WWSP's "The Alternate Boot!"

Sunday, October 28, 2007

Elvis and Dylan

I'm lucky to live in a city where I can hop on a train and in less than an hour I can step off the train platform and walk right into the Chicago Theater. Bob Dylan and Elvis Costello were in the house last night.

It was a very spirited and rousing show. And well, surprise, suprise, it was Elvis who really blew me away. I mean, I cannot criticize Bob Dylan, in my book he's kind of like a river or the grand canyon, or a willow tree. He just is, love him or hate him. I happen to love him, or maybe it's not him, he's a cantankerous, strange and quirky dude, but his music, his poetry in all it's various guises is a gift that keeps on giving. David Kehr talking about Errol Flynn's "The Adventures of Robin Hood," once remarked that the movie was "beyond criticism." (Errol Flynn jumping around in green tights - could be ridiculous, but for some reason it works!). That's how I feel about Dylan. No one, especially not the little man in the black hat and shiny black suit with stripes down his pant legs can live up to DYLAN. There's the man, the work, the myth.

All that said, Dylan has a very tight and solid band backing him these days. There were only two songs that I thought they really murdered. I'd suggest to Bob that "Positively Fourth Street," and "Lonesome Death of Hattie Carrol" just should not be re-arranged in some weird, faux Lawrence Welk manner. I get the feeling that Dylan believes he has the right to do anything he wants to his songs, even arrange them out of existence. Like Piccasso in his later years, no one around him can say "no." Sometimes a good collaborator can save you. Anwyay, that said, these guys know how to do that old-timey stuff as per Dylan's "Modern Times," but it was when they rocked out on the up-tempo numbers where they really grabbed me. I guess, when I go to see Dylan, all those other times I've seen him still resonate with me (Dylan backed by the Band, Dylan backed by Tom Petty and the Heartbreakers, Dylan backed by the guitar masters Charlies Sexton and Larry Campbell). All in all, happy to see Mister Dylan still going strong. He's a true American treasure.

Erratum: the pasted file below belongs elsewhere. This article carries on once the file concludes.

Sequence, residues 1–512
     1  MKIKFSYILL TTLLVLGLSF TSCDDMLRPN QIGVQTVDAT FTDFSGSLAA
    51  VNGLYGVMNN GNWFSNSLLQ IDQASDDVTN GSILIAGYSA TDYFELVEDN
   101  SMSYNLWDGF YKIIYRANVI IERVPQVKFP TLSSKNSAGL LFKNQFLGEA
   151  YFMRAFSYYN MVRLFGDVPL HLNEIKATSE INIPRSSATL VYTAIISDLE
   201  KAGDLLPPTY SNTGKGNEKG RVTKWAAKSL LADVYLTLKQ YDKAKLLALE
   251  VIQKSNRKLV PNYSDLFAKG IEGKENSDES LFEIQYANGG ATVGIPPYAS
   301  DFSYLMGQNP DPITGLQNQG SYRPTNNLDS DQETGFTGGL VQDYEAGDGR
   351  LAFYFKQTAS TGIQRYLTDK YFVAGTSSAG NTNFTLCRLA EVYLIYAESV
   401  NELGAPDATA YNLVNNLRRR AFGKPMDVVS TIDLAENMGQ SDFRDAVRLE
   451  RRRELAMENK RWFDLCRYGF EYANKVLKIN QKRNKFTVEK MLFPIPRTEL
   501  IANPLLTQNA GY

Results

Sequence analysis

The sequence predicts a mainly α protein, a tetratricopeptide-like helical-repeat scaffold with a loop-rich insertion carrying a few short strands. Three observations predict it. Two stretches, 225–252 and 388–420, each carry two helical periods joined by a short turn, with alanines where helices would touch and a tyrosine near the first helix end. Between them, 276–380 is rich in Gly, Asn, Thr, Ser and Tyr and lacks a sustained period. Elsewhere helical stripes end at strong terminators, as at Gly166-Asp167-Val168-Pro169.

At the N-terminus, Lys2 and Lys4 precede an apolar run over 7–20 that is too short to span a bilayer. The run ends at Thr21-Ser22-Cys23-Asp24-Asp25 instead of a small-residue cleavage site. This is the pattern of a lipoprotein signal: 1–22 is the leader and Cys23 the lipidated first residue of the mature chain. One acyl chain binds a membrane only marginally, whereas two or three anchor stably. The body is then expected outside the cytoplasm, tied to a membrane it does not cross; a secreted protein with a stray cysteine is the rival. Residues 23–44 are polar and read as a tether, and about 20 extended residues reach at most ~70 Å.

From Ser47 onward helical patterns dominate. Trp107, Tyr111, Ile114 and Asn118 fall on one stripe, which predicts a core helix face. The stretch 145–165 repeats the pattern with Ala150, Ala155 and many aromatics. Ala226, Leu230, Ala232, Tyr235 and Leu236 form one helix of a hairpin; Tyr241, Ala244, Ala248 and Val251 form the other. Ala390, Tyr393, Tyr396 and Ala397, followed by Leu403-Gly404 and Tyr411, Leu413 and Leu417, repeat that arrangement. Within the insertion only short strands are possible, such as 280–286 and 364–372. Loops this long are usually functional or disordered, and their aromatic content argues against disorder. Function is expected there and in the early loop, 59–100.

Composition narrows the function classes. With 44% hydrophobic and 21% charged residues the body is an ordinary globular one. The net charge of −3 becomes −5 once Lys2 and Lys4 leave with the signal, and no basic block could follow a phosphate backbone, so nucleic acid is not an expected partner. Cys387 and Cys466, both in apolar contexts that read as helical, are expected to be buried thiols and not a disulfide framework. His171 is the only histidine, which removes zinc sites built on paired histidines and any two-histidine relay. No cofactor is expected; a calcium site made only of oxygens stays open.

But it was Elvis Costello opening for Dylan who stole the show. One man, one guitar, one voice. He absolutely tore the house down. I've seen Elvis before, with the Attractions, with the Imposters, in fact, I saw Elvis when he first came to U.S. shores all those years ago, at a little club in Schaumburg, Illinois way back when "My Aim is True," first hit the shelves, he's always been good, but this time around, you realize the man really is a master.

Elvis (excuse my French), fucking rocked. So much passion, so in the moment. He had the audience in the palm of his hand. he was wielding an Epiphone Acoustic/Electric, the same model J. Lennon used to play, it was hooked up to a small tube amp, and he got a perfect, creamy overdriven sound to back his superb vocals. I can't say enough. It was so powerful, so inspiring. When he quoted Lennon's line, "I don't want to be a soldier mama, I don't want to die," in "Wake Up," when he did a rousing, punkish, version of "What's So Funny about Peace, Love and Understanding," he hit the bullseye. The audience roared with delight. It was one of the best performances I've ever seen. Totally unexpected. Elvis truly is the King. This one writes his own songs too! Elvis lives!

1 comment:

  1. Anonymous5:29 PM

    Saw the Saturday show and agree with you 100%. Went to see Dylan and enjoyed it but Costello was a revelation.


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